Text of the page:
G. Jamel Ford has been a bus driver/school bus trainer for more than ten years for Columbus City Schools.
“You're a little nervous in the beginning," said Ford.
That’s because getting his students to work safely and on-time is his top priority. “You have to realize that when you are dealing with precious cargo, it's important to be on top of your game,” said Ford.
Navigating through construction zones, slow drive times and accident delays with a bus full of children isn’t easy. “You have someone else's children and you have to be prepared for anything."
That’s why training to become a school bus driver is intense with at a minimum five-week mandatory training course both on and off the bus. Before drivers can get behind the wheel of a school bus, they also must pass federal and state criminal background checks.
Steve Simmons with Columbus City Schools would also tell you that there are absolutely no exceptions to these rules. “No one ever steps foot on a school bus or transports a child before they are compliant with state and federal regulations,” said Simmons.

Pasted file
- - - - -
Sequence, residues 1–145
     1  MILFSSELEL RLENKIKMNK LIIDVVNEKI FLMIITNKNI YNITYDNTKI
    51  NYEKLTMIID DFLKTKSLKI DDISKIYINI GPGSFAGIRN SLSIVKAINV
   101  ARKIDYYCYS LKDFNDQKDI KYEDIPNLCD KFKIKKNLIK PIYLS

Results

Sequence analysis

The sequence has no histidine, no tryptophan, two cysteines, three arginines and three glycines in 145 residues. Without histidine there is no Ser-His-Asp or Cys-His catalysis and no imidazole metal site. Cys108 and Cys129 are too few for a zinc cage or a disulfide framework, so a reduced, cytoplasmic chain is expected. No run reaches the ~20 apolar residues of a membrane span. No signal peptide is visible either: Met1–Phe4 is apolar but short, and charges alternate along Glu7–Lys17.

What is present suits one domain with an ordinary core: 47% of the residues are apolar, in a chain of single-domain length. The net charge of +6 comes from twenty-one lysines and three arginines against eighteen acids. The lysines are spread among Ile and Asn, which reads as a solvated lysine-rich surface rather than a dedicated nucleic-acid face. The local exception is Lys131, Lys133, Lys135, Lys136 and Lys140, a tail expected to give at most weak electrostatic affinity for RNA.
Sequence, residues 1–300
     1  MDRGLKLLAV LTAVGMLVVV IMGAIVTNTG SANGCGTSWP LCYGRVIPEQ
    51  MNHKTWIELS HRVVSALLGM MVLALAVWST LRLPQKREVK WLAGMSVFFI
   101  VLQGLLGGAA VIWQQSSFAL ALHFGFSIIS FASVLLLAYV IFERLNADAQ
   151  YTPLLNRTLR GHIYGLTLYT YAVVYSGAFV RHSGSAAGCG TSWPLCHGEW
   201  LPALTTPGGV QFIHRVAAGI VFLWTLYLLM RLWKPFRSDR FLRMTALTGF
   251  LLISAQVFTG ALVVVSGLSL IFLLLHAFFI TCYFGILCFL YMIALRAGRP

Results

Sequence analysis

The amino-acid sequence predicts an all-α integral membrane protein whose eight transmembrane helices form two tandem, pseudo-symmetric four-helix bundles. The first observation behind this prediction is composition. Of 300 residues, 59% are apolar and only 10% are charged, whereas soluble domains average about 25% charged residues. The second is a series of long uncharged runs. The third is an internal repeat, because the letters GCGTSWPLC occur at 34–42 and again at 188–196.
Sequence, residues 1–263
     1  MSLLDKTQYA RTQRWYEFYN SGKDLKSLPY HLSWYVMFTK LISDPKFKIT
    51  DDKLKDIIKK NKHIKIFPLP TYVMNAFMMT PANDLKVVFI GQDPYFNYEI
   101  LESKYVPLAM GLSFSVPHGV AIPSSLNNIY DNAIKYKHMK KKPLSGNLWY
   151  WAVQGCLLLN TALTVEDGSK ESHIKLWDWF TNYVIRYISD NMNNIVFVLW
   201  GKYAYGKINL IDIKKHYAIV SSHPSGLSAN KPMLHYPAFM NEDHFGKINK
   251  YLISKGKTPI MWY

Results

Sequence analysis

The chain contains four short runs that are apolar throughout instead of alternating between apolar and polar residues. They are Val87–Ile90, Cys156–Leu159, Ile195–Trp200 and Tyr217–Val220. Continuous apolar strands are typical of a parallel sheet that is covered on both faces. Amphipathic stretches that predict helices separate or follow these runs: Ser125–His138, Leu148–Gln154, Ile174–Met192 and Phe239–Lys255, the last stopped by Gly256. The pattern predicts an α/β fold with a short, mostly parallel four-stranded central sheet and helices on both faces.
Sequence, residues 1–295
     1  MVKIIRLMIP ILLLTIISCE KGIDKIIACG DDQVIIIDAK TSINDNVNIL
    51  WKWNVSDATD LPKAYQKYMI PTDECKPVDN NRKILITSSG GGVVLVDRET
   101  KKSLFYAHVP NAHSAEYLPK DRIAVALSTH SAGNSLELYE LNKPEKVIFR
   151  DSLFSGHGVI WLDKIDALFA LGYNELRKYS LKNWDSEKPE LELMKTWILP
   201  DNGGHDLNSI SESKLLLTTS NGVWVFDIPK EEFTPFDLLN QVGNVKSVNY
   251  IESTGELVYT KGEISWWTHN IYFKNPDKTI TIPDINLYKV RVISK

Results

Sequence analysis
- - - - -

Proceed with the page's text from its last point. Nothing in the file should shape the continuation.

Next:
There are four pages of disqualifiers which can prevent someone from becoming a bus driver; things like a DUI, missed child support payments or a failed physical exam will bring an application to a full stop. Simmons says it is why finding qualified drivers is often difficult.
“This is a fantastic job if you love kids,” Ford adds.